Bellan was subject to several nasty dismissive reviews in the conservative business press and my own work received some attention most of it critical and like the others relegated to obscurity. The fact was and remains so all three of us were largely correct in what we had argued. It is now 25 years later and the time long overdue to reconsider the arguments in detail so as to help perhaps prevent another great depression from coming about due to the triumph of ignorance and ideological bias over rational inquiry.

Bellan put the issue rather well in the opening paragraphs of his book.

” for the entire decade of the 1930s the Canadian economy wallowed in the worst depression in history. the unemployment rate averaged about 15 %; in 1932 it was a catastrophic 22%. World War II…brought a dramatic transformation. By 1941, once the war effort had reached high gear, severe unemployment was replaced by a critical labour shortage…This galvanization of the Canadian economy from sluggishness to hyperactivity was achieved by the federal government’s enormous spending…The government could have spent money on this scale previously; war did not provide it with financial capability that it had not possessed in peacetime. It had refrained, however, forbidden by an economic orthodoxy that warned both that it was impossible and that the results would be catastrophic. first declared the experts, Canada simply didn’t have the money; it would have to be obtained from foreign sources-and they would no doubt refuse to supply it. secondly, a large addition to the country’s monetary circulation would inevitably cause a ruinous inflation. finally, the burden of debt assumed by the government in borrowing the money would oppress the country ever after.” (pp 9-10)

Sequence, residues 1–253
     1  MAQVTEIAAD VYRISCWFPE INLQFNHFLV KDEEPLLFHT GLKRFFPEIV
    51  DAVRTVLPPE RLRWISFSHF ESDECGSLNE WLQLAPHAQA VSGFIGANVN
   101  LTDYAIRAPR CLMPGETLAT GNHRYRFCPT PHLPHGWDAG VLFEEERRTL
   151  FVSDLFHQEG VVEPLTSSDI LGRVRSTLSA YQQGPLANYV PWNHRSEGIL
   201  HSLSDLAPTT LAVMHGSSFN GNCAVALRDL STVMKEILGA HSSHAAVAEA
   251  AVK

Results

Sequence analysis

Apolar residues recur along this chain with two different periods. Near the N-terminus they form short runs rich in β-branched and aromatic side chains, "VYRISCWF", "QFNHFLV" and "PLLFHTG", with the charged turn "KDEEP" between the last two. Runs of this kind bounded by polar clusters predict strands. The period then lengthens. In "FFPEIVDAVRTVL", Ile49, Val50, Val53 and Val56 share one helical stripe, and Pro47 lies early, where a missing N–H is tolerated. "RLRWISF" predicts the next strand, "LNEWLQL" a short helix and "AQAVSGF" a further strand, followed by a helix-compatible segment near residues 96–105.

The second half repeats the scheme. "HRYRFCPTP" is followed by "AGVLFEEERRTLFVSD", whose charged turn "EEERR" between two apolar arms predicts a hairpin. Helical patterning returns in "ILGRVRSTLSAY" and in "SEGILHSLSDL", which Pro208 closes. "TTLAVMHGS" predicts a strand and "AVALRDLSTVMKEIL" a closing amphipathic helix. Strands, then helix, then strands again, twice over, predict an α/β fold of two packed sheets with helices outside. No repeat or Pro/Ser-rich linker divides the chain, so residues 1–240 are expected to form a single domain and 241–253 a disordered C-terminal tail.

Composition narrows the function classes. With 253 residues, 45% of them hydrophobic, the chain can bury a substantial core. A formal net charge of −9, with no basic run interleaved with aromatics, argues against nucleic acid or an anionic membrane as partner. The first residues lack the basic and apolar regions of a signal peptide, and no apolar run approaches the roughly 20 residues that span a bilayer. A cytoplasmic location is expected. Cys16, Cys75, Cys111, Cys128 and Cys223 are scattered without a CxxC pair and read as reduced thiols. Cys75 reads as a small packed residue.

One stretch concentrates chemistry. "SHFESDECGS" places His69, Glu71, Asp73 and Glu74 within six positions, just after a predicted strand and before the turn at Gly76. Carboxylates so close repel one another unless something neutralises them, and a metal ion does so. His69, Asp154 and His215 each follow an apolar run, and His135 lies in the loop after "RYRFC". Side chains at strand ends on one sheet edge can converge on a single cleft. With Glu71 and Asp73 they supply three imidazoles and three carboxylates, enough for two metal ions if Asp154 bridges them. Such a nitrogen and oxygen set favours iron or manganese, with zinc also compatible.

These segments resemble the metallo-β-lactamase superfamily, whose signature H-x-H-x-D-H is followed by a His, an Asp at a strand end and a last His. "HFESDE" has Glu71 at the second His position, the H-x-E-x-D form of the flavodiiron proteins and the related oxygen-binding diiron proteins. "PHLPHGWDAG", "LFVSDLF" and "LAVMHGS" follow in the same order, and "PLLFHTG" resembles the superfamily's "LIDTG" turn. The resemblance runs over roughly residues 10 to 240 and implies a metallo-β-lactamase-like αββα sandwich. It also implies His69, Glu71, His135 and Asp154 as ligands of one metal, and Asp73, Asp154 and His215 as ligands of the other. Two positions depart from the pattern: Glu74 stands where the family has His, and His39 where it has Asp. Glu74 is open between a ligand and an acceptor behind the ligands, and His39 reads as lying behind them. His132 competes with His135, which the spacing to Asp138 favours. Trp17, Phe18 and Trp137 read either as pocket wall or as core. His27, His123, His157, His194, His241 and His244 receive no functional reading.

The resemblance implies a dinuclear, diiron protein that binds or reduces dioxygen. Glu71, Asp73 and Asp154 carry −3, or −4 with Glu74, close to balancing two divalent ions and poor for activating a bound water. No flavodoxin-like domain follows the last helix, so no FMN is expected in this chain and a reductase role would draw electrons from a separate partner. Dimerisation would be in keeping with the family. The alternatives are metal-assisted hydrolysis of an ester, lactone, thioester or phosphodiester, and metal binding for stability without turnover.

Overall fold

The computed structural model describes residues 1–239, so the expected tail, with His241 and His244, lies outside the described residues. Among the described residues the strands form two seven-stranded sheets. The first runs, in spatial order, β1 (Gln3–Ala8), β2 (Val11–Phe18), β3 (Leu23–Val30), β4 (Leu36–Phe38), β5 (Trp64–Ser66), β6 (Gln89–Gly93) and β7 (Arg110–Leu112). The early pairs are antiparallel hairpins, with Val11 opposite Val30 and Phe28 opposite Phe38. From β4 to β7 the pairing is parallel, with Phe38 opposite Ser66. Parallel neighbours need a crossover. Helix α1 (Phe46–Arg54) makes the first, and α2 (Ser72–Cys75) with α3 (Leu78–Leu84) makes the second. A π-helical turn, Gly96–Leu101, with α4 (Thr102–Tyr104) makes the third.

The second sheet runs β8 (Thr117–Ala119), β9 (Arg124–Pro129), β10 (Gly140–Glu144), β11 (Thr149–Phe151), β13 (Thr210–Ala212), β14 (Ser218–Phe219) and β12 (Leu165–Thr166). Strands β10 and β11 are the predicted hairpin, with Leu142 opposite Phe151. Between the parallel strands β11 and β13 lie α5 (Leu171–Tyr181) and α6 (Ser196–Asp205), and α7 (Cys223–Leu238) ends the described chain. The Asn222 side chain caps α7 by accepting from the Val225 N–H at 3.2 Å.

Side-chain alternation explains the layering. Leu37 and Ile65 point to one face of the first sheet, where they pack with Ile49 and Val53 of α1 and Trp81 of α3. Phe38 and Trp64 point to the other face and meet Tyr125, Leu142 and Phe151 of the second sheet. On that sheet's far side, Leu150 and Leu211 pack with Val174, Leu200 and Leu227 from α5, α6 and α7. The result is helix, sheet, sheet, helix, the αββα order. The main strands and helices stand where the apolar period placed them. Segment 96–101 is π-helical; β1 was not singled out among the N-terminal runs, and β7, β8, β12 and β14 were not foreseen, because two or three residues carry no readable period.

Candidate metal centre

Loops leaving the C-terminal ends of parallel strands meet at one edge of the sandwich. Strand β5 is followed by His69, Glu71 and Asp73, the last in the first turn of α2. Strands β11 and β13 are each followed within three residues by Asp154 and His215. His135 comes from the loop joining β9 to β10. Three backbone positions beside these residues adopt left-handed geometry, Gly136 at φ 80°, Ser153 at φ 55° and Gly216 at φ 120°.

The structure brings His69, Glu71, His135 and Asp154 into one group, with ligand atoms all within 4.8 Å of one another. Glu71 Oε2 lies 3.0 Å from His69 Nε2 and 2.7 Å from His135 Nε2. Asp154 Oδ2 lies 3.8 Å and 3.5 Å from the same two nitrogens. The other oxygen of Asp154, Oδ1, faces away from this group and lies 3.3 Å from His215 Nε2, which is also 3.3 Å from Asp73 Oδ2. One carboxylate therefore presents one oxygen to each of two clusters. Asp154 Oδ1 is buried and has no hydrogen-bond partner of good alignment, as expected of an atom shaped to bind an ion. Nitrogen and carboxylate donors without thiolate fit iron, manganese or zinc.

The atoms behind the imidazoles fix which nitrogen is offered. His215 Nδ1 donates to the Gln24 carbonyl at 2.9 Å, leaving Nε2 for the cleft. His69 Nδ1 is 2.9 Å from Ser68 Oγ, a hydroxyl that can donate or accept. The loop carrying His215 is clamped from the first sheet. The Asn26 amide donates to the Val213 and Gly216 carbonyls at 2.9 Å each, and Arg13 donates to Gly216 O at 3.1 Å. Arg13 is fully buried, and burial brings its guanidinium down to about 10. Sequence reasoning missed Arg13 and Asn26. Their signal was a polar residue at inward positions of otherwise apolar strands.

Bellan goes on to detail how the experts of the day insisted that only private sector activity and new investment could do the job and how it would be” ruinous folly” for the government to undertake public spending to accomplish the task.

It is quite simply amazing how all of these discredited arguments have come back in contemporary times. Bellan concluded the opening chapter of his book with a plea for a ”more humane -and less wasteful-economic policy” and pointed out that he had ”greater respect for the free enterprise system than did those champions of free enterprise who insist it is incapable of providing useful employment for all …who seek it.” (p.11)